|I WANT TO HAVE A FEW TABLE GRAPE PLANTS IN MY YARD. I WANT SEEDLESS GRAPES. THOMPSON WHITE AND FLAME RED,AND MAYBE MARS OR VENUS BLUE. MY QUESTION IS:WHERE CAN I BUY THESE PLANTS AND WHEN IS THE BEST TIME TO PLANT THEM? WOULD YOU SUGGEST ANY OTHERS? HOW MUCH SPACE IS RECOMMENDED BETWEEN PLANTS? AND, ANYTHING ELSE YOU THINK I SHOULD KNOW.|
|Grapevines are then sold as bare root plants or in some cases as container stock. Container stock would be planted at the same depth as it grew in the pot and can be planted at any time the ground can be dug. The bare root stock is usually only available in early spring and would be planted at the same depth as it grew originally. These are normally planted in very early spring so they can come out of dormancy naturally with the season. The vines are usually trained to a trellis of desired height such as an arbor in the yard or a series of wires in the field. They are pruned back very hard each winter to stimulate new vine growth and subsequent fruiting. Most vines are also treated with a routine spray program to keep them healthy and productive.
As with all grapes, seedless varieties need full sun with good air drainage. If hardiness is questionable, they can be planted against a south-facing wall.
Soil: Grapes grow well on a wide range of soils but best results are obtained from well-drained sandy loams with a pH of 5.5 to 6.5. They will not tolerate low, wet ground. High pH can be corrected by adding sulfur and thoroughly working it into the soil. The vines are shallow rooted with most of their feeder roots in the top 12 in. of soil.
Irrigation: Regions with 30 inches of annual rainfall usually get enough rain to sustain the plants, unless summer dry spells stretch out past 60 days. In areas with less than that total, supplemental watering may be required. Drip irrigation is economical and satisfactory. In regions of dry summers, young vines may need watering during their first 2 or 4 growing seasons to help establish root systems.
Fertilizing: Nitrogenous fertilizers or complete fertilizers high in nitrogen are recommended. In the first year apply 1/2 lb. of 10-10-10 NPK after planting and then 1/8 lb. of ammonium nitrate in late May and again in early June. Spread the fertilizer in two parallel bands 12 to 14 inches from the trunk. Repeat in the second year, doubling the amounts and lengthening the bands to 48 inches. Thereafter, apply 2 to 4 pounds of the complete fertilizer each March and 1/2 pound of ammonium nitrate each June in a 6 foot long band beginning 1 foot from the tree.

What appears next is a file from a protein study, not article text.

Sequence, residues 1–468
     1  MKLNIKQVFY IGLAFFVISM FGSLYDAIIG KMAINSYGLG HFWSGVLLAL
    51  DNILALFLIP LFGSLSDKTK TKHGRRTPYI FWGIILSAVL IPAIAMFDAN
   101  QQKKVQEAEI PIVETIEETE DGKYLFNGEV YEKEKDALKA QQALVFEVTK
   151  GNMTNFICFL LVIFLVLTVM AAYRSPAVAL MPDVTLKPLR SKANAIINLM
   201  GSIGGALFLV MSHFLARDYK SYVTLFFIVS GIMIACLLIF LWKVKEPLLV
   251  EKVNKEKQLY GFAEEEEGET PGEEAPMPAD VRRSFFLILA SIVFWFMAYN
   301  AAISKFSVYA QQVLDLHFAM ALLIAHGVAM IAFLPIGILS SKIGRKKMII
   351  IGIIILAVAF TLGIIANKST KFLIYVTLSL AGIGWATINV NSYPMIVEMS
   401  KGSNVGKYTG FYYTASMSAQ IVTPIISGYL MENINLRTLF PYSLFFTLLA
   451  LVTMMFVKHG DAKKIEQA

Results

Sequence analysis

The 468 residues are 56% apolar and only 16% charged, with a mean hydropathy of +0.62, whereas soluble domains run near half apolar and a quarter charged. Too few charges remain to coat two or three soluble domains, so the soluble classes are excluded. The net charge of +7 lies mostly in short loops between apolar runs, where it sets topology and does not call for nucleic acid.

Pruning: Annual pruning must be severe to keep new fruiting wood coming and to prevent vines from becoming tangled masses of unproductive wood. The basic framework of a vine consists of the trunk, permanent arms, and the fruiting spurs. Vines must be pruned each dormant season to maintain this framework. Current season shoots bear the fruit, but to be productive, these shoots must arise from buds set on last season's growth, since shoots from older wood are generally sterile. It is important to leave the correct amount of fruiting wood.
Pruning is basically the same for all trellis systems. Only the arrangement of the fruiting arm is different. Two systems of training are used, the upright or vertical and the overhead or horizontal system. In the upright system, a 3-wire trellis is used, the lower wire being 2 ft. from the ground and the others 2 ft. apart. On the trellis the arms may be horizontal along the wires or fan-shaped from a low trunk. With this system the cane is taken to the top wire and the first year or when vigorous enough, and then topped to make it branch. The resulting laterals are trained along the wire to make the arms.
The overhead trellis provides more bearing surface per vine. The vines form a complete canopy about 7 ft. from the ground. The vines are trained to a single trunk 7 ft. tall with the arms radiating from the top of the trunk like spokes of a wheel. A mature vine will have about 8 arms. During the dormant season each year, cut back all shoot growth of the past summer to fruiting spurs 4 to 5 in. long. Remove shoots entirely that are not needed for spurs of fruiting arms. On young vines leave spurs of one year fruiting wood about 6 in. apart. As the vines get older, they develop clusters of spurs, or spur systems. Generally, thinning of these spurs is necessary after the fourth or fifth fruiting year. This thinning will force new spur growth to replace older spurs.
Grapevines suitable to your area can generally be found in any well stocked nursery or local garden center. Enjoy!